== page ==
Author Topic: brakes  (Read 1279 times)

Online muskrat

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Re: brakes
« Reply #30 on: 05.08. 2018 21:20 »
G'day RD.
I would think 40% more break shoe contact would make a big difference. Never done this mod myself but I have a hub & breaks in a box for use one day.
Cheers
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Australia
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Online chaterlea25

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Re: brakes
« Reply #31 on: 05.08. 2018 22:08 »
Hi RD,
There's an ebay seller from France who has lots and lots of NOS brake linings for old Brit bikes
https://www.ebay.co.uk/str/GP-Motos-Anciennes?_trksid=p2047675.l2563
He has a lot more than advertised on ebay and also travels to UK autojumbles

John
1961 Super Rocket
1963 RGS (ongoing)

Offline worntorn

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Re: brakes
« Reply #32 on: 05.08. 2018 23:10 »
Yes, it's the '58 A10 hub, with T120 backplate. The spokes are well away from the linings and anyway, width should not have too much affect - diameter (eg 8" v 7") is more important. Am in agreement about lining material - never found any of the modern materials any good, whereas the old asbestos ones were generally fine. Just can't seem to find suitable material at all these days. What one gets looks and feels like cardboard.

Tried it that way and it did not work well at all, which seems to be what you are finding.
Switched to proper matching drum and brakeplate, presto , excellent brake.

Glen

Online JulianS

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Re: brakes
« Reply #33 on: 06.08. 2018 09:13 »
I dont think the A10 hub is strong enough to resist distortion, especially when skimmed. That verticle spoke flange makes it more rigid as well as cooling better. See photos of hubs below.

The shoe area does make a difference, especially to cooling and lever pressure, but the main thing is contact - a skimmed hub and standard linings will give poor initial contact, just the leading edges of the linings until they wear to conform to hub diameter.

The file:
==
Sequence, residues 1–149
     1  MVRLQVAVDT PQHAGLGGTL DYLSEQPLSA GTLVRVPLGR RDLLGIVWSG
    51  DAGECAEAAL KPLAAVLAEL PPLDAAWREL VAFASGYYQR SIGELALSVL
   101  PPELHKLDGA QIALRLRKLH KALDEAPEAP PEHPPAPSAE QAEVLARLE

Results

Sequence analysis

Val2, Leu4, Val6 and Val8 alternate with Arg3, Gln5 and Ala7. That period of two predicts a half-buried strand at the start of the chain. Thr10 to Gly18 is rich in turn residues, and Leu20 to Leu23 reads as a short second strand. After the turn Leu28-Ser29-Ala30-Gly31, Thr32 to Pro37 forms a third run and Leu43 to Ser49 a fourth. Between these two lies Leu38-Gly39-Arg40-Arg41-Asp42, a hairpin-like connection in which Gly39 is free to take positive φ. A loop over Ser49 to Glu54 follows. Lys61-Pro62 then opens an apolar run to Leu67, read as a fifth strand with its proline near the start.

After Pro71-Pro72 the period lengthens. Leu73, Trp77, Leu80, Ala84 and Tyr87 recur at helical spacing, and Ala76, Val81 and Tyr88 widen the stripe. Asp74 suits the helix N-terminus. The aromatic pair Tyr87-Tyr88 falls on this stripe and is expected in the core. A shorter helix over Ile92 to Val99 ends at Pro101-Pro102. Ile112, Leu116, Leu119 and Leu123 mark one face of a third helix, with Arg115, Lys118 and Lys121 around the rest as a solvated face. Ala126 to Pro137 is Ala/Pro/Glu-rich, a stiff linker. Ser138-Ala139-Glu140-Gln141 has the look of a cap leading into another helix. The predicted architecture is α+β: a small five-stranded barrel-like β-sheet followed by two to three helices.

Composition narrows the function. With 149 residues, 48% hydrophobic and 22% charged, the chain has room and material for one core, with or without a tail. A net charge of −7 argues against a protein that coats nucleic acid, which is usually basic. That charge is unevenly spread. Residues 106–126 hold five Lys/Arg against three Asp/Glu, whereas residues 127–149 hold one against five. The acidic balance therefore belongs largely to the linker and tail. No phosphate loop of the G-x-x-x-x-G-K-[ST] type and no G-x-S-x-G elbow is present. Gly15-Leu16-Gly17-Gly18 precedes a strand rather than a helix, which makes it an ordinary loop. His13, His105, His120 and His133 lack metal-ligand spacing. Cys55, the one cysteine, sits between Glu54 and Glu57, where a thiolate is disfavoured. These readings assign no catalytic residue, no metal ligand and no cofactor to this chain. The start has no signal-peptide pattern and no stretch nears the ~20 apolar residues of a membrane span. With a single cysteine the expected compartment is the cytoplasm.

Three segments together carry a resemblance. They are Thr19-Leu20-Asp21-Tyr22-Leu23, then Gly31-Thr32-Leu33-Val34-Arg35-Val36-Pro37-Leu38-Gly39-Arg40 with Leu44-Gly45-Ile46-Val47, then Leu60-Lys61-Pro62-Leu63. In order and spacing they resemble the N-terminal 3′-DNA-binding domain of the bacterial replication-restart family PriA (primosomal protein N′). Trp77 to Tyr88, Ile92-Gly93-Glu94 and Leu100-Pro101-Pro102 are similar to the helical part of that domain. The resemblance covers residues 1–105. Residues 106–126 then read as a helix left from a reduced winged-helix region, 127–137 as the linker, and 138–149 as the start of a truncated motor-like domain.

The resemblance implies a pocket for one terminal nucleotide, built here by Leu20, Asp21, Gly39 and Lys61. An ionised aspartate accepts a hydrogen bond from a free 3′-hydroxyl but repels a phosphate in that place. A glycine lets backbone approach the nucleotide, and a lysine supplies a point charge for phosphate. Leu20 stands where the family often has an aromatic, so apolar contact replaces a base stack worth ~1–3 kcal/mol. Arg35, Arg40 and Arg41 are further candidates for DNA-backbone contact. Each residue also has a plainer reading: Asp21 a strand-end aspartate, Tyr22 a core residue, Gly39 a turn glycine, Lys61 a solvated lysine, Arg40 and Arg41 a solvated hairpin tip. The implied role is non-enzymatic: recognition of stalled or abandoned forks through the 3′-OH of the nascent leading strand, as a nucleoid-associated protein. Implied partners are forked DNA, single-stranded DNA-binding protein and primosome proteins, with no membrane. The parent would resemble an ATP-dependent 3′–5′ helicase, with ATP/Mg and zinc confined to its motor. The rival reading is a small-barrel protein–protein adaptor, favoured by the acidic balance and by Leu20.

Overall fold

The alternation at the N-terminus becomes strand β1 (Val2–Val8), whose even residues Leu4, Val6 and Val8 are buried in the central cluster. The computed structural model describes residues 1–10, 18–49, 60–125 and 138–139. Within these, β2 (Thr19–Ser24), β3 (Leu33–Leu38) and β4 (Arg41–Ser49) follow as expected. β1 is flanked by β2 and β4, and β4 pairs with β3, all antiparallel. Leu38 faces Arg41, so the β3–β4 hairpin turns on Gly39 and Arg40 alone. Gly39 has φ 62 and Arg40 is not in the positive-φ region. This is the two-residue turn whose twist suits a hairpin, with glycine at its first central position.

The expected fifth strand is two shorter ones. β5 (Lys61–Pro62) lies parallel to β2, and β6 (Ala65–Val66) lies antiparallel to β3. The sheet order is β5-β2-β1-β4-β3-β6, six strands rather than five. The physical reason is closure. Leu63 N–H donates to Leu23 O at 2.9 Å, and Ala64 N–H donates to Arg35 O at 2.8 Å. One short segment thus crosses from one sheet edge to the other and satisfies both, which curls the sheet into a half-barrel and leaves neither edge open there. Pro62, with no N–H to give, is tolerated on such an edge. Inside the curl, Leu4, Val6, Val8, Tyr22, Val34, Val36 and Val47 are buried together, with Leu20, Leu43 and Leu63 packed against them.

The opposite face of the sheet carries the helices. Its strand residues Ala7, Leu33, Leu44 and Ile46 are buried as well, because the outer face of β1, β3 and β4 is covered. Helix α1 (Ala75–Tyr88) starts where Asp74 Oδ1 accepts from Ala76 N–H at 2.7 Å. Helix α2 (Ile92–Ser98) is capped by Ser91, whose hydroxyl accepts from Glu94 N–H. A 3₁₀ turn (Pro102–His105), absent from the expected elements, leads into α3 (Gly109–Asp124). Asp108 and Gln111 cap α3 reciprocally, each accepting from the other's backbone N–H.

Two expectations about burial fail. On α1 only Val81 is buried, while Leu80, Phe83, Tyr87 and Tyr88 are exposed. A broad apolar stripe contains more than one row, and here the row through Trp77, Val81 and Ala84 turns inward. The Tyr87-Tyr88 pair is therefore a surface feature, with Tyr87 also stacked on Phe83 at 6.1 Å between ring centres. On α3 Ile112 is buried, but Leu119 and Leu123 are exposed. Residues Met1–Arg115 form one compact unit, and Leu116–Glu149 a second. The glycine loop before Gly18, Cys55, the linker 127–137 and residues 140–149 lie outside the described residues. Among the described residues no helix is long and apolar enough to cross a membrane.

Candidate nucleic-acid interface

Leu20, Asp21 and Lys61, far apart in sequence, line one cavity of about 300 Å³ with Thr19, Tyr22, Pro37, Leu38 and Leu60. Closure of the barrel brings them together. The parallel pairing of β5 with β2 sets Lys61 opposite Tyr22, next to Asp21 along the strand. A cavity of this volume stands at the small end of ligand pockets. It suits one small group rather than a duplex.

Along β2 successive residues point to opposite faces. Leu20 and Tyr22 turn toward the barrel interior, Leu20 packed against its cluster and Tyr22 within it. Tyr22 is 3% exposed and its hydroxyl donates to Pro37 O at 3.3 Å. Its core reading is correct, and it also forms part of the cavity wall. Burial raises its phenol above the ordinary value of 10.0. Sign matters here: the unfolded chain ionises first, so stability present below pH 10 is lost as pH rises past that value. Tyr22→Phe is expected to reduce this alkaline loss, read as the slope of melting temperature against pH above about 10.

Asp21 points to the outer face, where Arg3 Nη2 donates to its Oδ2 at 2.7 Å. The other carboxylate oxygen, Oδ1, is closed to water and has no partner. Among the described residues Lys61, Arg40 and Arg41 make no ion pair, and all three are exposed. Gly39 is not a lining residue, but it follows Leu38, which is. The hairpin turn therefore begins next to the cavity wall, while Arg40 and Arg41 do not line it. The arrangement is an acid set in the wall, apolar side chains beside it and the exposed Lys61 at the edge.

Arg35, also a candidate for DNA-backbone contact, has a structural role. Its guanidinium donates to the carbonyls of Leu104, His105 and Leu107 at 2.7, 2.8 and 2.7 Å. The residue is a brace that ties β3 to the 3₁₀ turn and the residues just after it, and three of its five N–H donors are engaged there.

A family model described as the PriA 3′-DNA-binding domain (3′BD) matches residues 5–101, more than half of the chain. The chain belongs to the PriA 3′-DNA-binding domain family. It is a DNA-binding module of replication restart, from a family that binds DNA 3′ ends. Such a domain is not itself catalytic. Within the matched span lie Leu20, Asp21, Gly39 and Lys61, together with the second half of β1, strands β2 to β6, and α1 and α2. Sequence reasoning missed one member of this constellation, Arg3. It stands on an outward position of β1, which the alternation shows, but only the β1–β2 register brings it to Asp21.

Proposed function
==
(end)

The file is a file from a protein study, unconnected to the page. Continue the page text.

NOS ferdodo linings come up on ebay very regularly - the Ferodo reference for the TLS lining to fit the drilled original shoe is BS/24/1.

Online Joolstacho

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Re: brakes
« Reply #34 on: 06.08. 2018 09:49 »
Yeah, look, we all know (well, anyone with any experience) -knows that a well bedded-in brake makes ALL the difference.
This is why machining the assembled shoes makes a big difference - basically all it's doing is shortcutting the initial wear mileage (where it's all slightly out of whack), so the shoes contact the brakedrum track with maximum CONTACT AREA.
If you think 'servo effect' is going to do it for you, well, in my opinion, you're living on a different planet to me. Servo action will always be better with a bigger contact area yes?

All other things being equal, the shoes need to contact the brakedrum with as much contact area as possible. It's too simple.
Shoe material is of course another matter. But don't worry about that until you have good contact area.

The '68 -'69 Triumph/BSA TLS setup is the go. To get it on an A10 you need the later fork sliders.

Online RDfella

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Re: brakes
« Reply #35 on: 06.08. 2018 10:50 »
Lots of good info from you guys. My experience of what to expect from vertical twin BSA's is limited - had a rigid A7 in the early sixties and a 6t (triumph) engined Triton in the 70's but otherwise all my bikes have been singles or vee twins.
Reason I've gone down the route I have is because I wanted to keep the bike as original as possible. With my setup, only the backplate needs to be changes to get back to standard. Otherwise, as other have noted, it's not only a different wheel but a change of sliders too. If I was going that route, I'd have changed both wheels not only for better brakes, but to save weight. Those wheels with cast iron hubs weigh twice that of most other wheels. To be frank, those hubs must be an Umberslade 'expert' design as I can't understand why BSA would fit such a lemon.
At present I'm minded to persevere and see if I can get some better linings. Don't agree with the idea that width makes a difference, though. Might help cooling and wear, but no real effect on braking effort. Braking effort is a function of friction of the linings on the drum (or disc). ie the coefficient of friction of the two materials x weight (the force of the lining on the drum or disc). Surface area doesn't come into the equation. Or so I was taught when working at F.V.R.D.E. in the 60's.
'49 B31, '49 M21, '53 DOT, '58 Flash, '00 Firestorm, Weslake sprint bike.

Online Joolstacho

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Re: brakes